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Gentlemen,

 

Before we can be accused of male centric responses; ie. taking care of one of our own, consider the consequences of "ta-ta" tapping reported to the police.

 

The Scout Oath and Law have little currency in an arraignment hearing.

 

Given that a Scout is thrifty, I have no funds accrued for BSA related legal defense. Consequently I would take all prudent action to limit my personal legal exposure.

 

Given that its about $40k to the court house steps, as a volunteer adult leader why do I need to care if the perpetrator makes next rank or if he has a positive Scouting experience should I become a named defendant?

 

You may wax prosaic about the Scout Oath and Law and national policy here, but that will not stand as defense in many legal jurisdictions.

 

 

 

 

 

 

 

 

 

 

 

 

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Barry makes a good point. The problem I have is with the way the parents of the instigator are claiming he is the injured party. Horse hockey! He got caught doing something he shouldn't be doing and is embarrassed! And he should be! Time to man up and take your lumps!

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I have had a couple of comments, including one sent directly to me, about whether the appropriate notifications were made, among other comments, including those accusing me of not doing my job, not protecting the scouts, or essentially failing to act as a true leader. Thanks for those, by the way, but I would like to say that sending me hate email while we are discussing an issue like this -- which included a similar email from the boy's parents -- is probably counterproductive and not in keeping with scout spirit.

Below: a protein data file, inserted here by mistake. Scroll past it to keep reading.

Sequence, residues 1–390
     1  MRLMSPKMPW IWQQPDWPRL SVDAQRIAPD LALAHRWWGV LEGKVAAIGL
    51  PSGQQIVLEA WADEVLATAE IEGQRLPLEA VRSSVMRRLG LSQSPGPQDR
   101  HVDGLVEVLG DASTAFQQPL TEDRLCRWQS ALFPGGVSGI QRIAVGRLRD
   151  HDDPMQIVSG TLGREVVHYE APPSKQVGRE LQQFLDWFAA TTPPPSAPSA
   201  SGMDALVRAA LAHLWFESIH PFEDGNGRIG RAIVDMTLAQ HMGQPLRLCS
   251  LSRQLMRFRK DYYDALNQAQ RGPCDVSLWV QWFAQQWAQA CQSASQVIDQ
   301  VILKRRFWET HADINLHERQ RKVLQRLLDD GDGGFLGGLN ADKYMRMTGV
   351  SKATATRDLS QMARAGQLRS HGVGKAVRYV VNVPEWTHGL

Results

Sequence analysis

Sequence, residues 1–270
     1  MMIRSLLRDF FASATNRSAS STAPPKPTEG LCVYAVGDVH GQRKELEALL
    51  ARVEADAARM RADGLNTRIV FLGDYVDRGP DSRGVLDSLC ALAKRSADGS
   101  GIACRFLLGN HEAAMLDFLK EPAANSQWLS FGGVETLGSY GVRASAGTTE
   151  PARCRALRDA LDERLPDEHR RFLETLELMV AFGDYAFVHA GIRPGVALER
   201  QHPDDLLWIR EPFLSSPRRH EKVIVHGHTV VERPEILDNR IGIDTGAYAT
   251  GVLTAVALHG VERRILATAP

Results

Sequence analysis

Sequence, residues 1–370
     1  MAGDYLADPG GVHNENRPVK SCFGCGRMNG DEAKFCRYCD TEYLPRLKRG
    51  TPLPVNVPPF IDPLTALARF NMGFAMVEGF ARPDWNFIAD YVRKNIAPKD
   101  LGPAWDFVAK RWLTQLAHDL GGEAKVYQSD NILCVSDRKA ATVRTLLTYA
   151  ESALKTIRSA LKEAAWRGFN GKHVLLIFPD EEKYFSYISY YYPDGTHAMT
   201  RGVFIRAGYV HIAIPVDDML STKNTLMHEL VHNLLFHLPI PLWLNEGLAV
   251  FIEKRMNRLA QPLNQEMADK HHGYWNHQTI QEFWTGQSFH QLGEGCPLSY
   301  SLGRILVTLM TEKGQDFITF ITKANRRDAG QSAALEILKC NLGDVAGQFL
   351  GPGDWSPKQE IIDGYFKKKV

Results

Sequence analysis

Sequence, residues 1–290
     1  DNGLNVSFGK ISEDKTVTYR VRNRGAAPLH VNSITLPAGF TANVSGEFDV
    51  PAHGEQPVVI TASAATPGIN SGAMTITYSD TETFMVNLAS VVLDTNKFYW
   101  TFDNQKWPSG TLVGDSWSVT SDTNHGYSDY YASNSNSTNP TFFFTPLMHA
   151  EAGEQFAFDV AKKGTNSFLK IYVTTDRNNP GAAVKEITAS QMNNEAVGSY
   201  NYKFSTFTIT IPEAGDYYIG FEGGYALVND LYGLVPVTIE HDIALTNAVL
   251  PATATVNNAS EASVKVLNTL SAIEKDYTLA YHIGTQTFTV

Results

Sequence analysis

Back to the issue at hand: When the incident occurred, the troop notified the chartered organization rep, our unit commissioner, and our SE, who is a district director. The district director asked the scoutmaster to conduct an investigation that included witness statements, a statement from the perpetrator, and other information. That is being compiled. All that occurred prior to my original post.

 

Don't forget that my question had more to do with his Venturing Gold award than what would occur at the troop level. Since I am the advisor for the scout who injured the other scout, my part of this has less to do with the actual incident -- which is the troop's responsibility -- than to deal with scout spirit or other issues that impact crew operations, future achievements, etc.

 

Discipline is still being worked out. The family has come around and is now cooperative. Thank you again for the constructive comments. For those intent on sending me personal hate mail, please don't. I am trying to solve the problem here and was seeking advice, not invective.

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dhendron,

Wow! I hate that you are getting hate e-mails and PM's. Shows what people say and what their character is ..is 2 different things.

 

Okay, congrats! When people get off track on your posts...you ought to be honored in that you posted a great post....at least by scouter.com standards! LOL! :)

 

So your original question: No, He should not get any awards or advancements, recognitions or even a smiley sticker.

 

Why?Because the awards are based on individual character or acomplishments right? The awards goes to the person, not the group the [erson belongs to?

 

So If I am one of those people who - in my personal vehicle - runs stoplights, drives aggressively and shows road rage and regularly passes stoped school buses....I sghould not get a safe driver award because of how I drive a company truck. The award goes to me. Not my company truck over my personal truck.

 

An award to a person or their character is based on their WHOLE ENTIRE character, not just their 9 to 5 or weekend character.

 

Suppose you know a guy who cheats on his wife every time she goes on buisness trips. You wouldn't give this guy an award for being husband of the year because he acts it when she's home, right?

 

Maybe not the best analogy, but you get what I mean.